• 35.
    Ahmed, Hesham M.
    et al.
    KTH, School of Industrial Engineering and Management (ITM), Materials Science and Engineering, Materials Process Science.
    Viswanathan, N. N.
    Seetharaman, Seshadri
    KTH, School of Industrial Engineering and Management (ITM), Materials Science and Engineering, Materials Process Science.
    On The Kinetics of Hydrogen Reduction of NiO-WO3 Precursors in Fluidized Bed- A Modeling Approach2011In: ISIJ International, ISSN 0915-1559, Vol. 51, no 9, 1383-1391 p.Article in journal (Refereed)
    Abstract [en]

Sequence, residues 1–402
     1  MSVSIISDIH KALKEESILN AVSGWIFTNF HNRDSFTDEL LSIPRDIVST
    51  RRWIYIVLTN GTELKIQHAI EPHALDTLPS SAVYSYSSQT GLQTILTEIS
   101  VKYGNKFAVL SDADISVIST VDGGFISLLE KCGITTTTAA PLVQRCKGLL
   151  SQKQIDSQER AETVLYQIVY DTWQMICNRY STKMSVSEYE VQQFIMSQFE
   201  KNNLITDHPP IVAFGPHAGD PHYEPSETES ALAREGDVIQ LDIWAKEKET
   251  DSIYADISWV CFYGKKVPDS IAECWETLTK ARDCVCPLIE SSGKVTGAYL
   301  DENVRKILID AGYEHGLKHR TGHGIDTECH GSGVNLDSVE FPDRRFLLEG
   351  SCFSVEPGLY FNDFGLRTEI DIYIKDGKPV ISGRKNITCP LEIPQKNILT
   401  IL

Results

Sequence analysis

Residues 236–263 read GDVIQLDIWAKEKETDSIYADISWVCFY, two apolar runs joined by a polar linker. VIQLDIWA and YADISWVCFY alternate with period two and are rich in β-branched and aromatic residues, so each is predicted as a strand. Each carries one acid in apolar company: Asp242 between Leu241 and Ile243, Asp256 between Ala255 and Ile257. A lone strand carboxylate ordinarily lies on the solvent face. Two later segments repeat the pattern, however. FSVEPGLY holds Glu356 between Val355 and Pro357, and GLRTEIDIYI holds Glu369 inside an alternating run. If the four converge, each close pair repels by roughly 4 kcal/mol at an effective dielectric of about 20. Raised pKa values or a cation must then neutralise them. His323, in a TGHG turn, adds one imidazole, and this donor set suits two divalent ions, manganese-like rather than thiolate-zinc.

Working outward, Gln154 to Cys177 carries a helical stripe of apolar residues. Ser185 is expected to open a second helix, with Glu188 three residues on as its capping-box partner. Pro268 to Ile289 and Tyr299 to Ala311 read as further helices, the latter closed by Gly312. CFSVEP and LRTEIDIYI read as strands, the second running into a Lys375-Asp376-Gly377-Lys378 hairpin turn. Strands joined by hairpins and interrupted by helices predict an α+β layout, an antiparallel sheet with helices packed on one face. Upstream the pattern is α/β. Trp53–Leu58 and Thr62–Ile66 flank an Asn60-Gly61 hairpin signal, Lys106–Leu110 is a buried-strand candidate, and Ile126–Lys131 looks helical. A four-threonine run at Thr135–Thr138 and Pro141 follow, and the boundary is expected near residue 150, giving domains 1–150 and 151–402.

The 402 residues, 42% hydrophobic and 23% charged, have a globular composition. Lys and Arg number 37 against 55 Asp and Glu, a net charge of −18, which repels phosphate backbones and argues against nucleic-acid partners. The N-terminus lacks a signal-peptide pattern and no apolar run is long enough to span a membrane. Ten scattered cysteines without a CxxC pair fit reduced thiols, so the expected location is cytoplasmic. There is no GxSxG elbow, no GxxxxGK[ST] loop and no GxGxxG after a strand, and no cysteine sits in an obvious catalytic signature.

In the present work, Fluidized bed reduction of NiO-WO3 precursors was investigated isothermally at temperatures 973-1 273 K. The reaction progress was monitored by analysis of H2O evolved during the reaction process using a gas chromatograph instrument. A theoretical model based on intrinsic chemical reaction rate constants and thermodynamic equilibria was developed to estimate the apparent reaction rate constant for the reduction reaction. In developing the model, the particles are considered to be in a completely mixed condition and gas flow is described as plug flow. The proposed model is also suitable for scale-up calculations. The interfacial chemical reaction model was found to fit the experimental results. The apparent activation energy values of the reduction process at different stages were calculated accordingly. The present investigation proved that the fluidized bed technique can be successfully utilized in bulk production of intermetallics containing W and a transition metal (or a composite material) wherein the process conditions would have a strong impact on the particle size of the end product.